and the band had a lovely time playing it.
Prog rules forever, grizzled old English dudes.
Like chum being thrown to starving sharks, what Misery Signals
gave the gathered metalcore masses on Wednesday night at Valentine’s
were things few bands of that genre can: originality, emotion,
confidence and creativity.
Although a relatively new band in the metalcore scene—their
emotionally devastating Of Malice and the Magnum Heart,
their first full-length effort, was released in June 2004—the
members of Misery Signals have a longer musical history, as
the band were formed from the ashes of 7 Angels 7 Plagues,
a pioneering metalcore outfit formed in 1999.
By the time the band started to set up their gear, the upstairs
room of Valentine’s was packed to the hilt with overheated
teens, told that if they were to go outside for a breath of
fresh air there would be no reentry. Misery Signals had the
unenviable task of taking the stage at the end of a progression
of bands who, in a lot of ways, had very little to do with
The older folk in the room must have felt a twinge of excitement
when, while setting up their equipment, the boys in Misery
Signals toyed with riffs from Radiohead and Acid Bath. The
younger kids, probably there for the more emo-friendly opening
acts, may not have noticed. So Misery Signals played on, appearing
a bit disappointed that the crowd had already spent itself
on the five openers, all of which sounded like recycled bits
of Misery Signals’ trash—especially Emmure, who, surprisingly,
romped the crowd into ecstatic fits.
And yet even a disheartened Misery Signals came with enough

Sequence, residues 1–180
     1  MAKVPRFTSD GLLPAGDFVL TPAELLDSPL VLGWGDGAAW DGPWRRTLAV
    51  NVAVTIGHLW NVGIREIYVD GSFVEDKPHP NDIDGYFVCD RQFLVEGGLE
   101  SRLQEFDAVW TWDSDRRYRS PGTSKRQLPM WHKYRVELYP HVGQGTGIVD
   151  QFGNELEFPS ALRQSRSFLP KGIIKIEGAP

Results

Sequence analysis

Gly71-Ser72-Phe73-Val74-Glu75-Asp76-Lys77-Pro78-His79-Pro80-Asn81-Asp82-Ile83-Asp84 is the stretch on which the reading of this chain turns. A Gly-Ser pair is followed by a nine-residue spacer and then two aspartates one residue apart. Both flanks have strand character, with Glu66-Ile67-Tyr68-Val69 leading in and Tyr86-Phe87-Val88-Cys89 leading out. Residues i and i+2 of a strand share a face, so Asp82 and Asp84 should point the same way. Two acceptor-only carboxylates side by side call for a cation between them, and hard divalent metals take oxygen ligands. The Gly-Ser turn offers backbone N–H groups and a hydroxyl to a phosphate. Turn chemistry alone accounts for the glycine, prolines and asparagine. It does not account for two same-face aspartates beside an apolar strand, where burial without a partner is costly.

power and chaos to confuse all the air-guitar and air-drum
virtuosos in the room. Songs like “Stinging Rain” slithered
and stung like hardcore snakes, bass lines wrapped around
spinning riffs and cacophonous drums, with singer Karl Schubach
delivering the heartfelt screaming poison. “Face Yourself”
hit hard, like that scene in UHF when Stanley Spadowski
tells an unsuspecting tyke, “You get to drink from the fire-hose!”
And as tough as it all might sound, Misery Signals’ last track
of the night, “Five Years,” proved that the band’s most precious
asset is their ability to lasso beautiful moments into their
otherwise crushing songs. As the last moments of that song
built into pulsating currents, with Schubach screaming, “I
swear I heard you say love is forever,” and the double rhythm
guitars broke for one to trumpet a triumphant love/death-march
solo theme, I recalled those Radiohead riffs they toyed with
before their set and wondered, “How hard would it be for these
guys to write a metal version of The Bends?” Then
I caught myself, laughed and realized that in metalcore these
days, I should be happy Misery Signals wrote one song that
can choke me up. A whole album? That would be pushing it.
License to sing: Mandy Moore at the Egg.